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Award for Leipzig Chemistry Professor

Evamarie Hey-Hawkins receives "Distinguished Women in Chemistry or Chemical Engineering"

7. 8. 2013 | Prof. Hey-Hawkins from the University of Leipzig is honoured for her academic achievements in basic and applied chemical research by the International Union of Pure and Applied Chemistry (IUPAC).
Prof. Evamarie Hey-Hawkins
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Prof. Evamarie Hey-Hawkins
Together with ten other awardees, she will receive the prestigious award this month at the IUPAC Congress 2013 in Istanbul, Turkey. Evamarie Hey-Hawkins is one of the world's leading chemists in the field of phosphorus chemistry. Her research interests are transition metal compounds in homogenous catalysis. For the last 15 years, she has also studied boron clusters extensively. Her research group focuses on the field of catalysis, and, together with biochemists, on medical applications. She holds the chair of Organometallic Chemistry and Photochemistry at the University of Leipzig.

The awards program aims to acknowledge and promote the work of women chemists and chemical engineers worldwide. It was first introduced in 2011, and this year it will be conferred for the second time. The 11 awardees have been selected based on excellence in basic or applied research, distinguished accomplishments in teaching or education, or demonstrated leadership or managerial excellence in the chemical sciences. During this year's IUPAC Congress in Istanbul, a symposium with the topic "Women in Chemistry: Gaining Momentum" will be held in honour of the awardees, with a reception following afterwards.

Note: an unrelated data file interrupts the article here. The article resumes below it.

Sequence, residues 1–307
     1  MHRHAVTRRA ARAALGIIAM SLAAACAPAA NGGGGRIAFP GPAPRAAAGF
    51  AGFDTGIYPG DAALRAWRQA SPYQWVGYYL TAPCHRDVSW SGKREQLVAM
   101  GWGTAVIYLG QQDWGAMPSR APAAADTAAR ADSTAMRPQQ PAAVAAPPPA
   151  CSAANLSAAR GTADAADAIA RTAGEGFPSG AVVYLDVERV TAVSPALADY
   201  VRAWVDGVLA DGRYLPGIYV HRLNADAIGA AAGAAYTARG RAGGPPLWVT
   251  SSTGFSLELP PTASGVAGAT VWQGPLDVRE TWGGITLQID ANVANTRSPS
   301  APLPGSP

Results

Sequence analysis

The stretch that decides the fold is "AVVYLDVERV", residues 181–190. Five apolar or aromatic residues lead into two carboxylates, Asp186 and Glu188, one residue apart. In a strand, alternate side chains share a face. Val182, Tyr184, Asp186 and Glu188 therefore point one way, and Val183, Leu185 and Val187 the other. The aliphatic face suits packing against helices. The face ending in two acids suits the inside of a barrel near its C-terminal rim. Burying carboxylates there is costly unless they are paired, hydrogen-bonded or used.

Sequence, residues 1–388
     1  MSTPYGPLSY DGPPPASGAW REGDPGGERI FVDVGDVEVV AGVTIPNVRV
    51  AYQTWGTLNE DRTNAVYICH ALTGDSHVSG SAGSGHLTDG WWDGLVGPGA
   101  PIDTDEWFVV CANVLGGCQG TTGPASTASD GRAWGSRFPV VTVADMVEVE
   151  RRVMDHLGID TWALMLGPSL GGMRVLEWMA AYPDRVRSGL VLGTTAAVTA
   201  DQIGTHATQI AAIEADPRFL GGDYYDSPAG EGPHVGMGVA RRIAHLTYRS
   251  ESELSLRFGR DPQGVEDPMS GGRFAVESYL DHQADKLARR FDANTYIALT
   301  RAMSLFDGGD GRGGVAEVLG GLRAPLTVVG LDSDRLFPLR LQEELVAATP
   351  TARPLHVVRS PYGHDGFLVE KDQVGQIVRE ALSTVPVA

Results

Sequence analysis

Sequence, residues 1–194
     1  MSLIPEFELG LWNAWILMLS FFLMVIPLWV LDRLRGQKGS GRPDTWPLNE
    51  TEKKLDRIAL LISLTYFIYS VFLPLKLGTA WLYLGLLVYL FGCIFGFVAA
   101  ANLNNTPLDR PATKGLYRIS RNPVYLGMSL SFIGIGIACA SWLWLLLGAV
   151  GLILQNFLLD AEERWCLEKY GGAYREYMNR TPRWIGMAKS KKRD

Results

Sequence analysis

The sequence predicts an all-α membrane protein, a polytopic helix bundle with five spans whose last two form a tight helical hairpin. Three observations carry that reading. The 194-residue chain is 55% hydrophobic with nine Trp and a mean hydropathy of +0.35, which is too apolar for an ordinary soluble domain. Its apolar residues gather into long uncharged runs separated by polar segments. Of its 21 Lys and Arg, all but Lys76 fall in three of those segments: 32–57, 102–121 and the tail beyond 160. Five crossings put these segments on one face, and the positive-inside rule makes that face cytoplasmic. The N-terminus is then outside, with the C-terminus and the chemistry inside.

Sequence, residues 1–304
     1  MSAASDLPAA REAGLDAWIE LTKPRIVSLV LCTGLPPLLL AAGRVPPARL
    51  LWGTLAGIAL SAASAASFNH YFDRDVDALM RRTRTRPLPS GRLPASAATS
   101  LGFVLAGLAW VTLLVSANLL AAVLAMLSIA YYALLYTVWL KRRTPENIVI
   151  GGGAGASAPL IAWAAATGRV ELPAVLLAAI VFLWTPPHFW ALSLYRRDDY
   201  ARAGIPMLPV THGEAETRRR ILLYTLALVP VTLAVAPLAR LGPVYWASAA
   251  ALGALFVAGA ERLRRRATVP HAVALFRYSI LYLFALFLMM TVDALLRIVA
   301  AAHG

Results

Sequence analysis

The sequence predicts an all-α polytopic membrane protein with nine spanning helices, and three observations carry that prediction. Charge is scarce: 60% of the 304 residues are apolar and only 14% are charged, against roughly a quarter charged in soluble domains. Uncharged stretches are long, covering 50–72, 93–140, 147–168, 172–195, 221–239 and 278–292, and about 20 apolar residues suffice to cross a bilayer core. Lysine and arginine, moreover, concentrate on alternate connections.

Prof. Hey-Hawkins gained her PhD in 1983 at the University of Marburg, Germany. Her Postdoc research took her to Sussex, UK, and to Western Australia and Canberra. She obtained her habilitation in 1988, again in Marburg, before becoming a full professor in Leipzig twenty years ago in 1993. She is involved in numerous international cooperations. A notable example is the European Phosphorus Science Network "PhoSciNet": Thanks to her initiative, it was founded to advance the often undervalued potential of phosphorus in contemporary basic and applied research. Over 70 research groups and industrial partners from 23 European countries participated in PhoSciNet. It aimed at the exchange of knowledge and techniques in these modern, rapidly evolving fields. After its final conference this spring, the following video was released to describe the challenges and applications of phosphorus research:



PhoSciNet was a so-called COST project, a European "Cooperation in Science and Technology" project, for the coordination of nationally-funded research on a European level. Some of its work will continue in the newly established ITN Network for Sustainable Phosphorus Chemistry, or "SusPhos": Academic research groups and companies again will work together with the goal to develop sustainable methods for the use of phosphorus.   (© University of Leipzig, AcademiaNet)

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